3.6 Plasmid Cloning Vectors for E. coli

There are hundreds of different plasmids that today may be used for cloning experiments with E. coli. We will concentrate on describing the plasmid known as pBR322 which was developed by Bolivar and Boyer.

The plasmid known as pBR322 was developed by Bolivar and Boyer in 1977. This plasmid has 4,362 base pairs that includes a special sequence of DNA that is needed as an origin (the ori site) for DNA replication and that allows for efficient replication. Usually 10--20 copies of the circular DNA are produced in each bacterial cell that harbors the plasmid.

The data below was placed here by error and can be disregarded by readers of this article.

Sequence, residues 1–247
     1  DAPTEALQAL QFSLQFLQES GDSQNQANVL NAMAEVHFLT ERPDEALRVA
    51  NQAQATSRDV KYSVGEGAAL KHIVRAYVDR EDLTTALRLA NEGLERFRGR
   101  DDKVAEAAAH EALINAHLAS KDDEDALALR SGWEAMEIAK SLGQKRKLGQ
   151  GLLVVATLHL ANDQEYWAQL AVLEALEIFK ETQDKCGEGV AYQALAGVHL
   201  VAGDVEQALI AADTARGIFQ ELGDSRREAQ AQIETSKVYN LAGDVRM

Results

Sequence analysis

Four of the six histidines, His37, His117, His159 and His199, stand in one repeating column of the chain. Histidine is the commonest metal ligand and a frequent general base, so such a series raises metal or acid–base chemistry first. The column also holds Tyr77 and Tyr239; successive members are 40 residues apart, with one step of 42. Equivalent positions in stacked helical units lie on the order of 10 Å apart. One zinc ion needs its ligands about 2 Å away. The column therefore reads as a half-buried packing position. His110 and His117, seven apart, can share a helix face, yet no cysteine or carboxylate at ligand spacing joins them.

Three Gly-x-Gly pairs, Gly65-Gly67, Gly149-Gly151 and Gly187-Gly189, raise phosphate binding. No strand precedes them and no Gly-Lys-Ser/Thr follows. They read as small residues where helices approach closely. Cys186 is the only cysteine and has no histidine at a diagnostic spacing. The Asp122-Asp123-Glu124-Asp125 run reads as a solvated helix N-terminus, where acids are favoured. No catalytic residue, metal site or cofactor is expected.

Figure 20. The pBR322 plasmid

Two genes of pBR322 confer resistance to antibiotics to any cell that contains the plasmid. AmpR confers resistance to amplicillin and tetR confers resistance to tetracycline to cells containing the plasmids. AmpR is a gene that codes for the periplasmic enzyme beta-lactamase that cleaves the ring structure found in amphicillin, which is a penicillin antibiotic. TetR is a gene that codes for a protein that modifies the bacterial cell wall and prevents tetracycline from entering the cell.

Multiple restriction endonuclease sites are present where foreign DNA fragments may be inserted.

"Relaxed" plasmid DNA replication continues in the presence of chloramphenicol. An interesting feature of this plasmid is that "relaxed" plasmid DNA replication continues even in the presence of an inhibitor of protein synthesis such as chloramphenicol. This feature allows increased yields of plasmid/cell of up to 100-fold.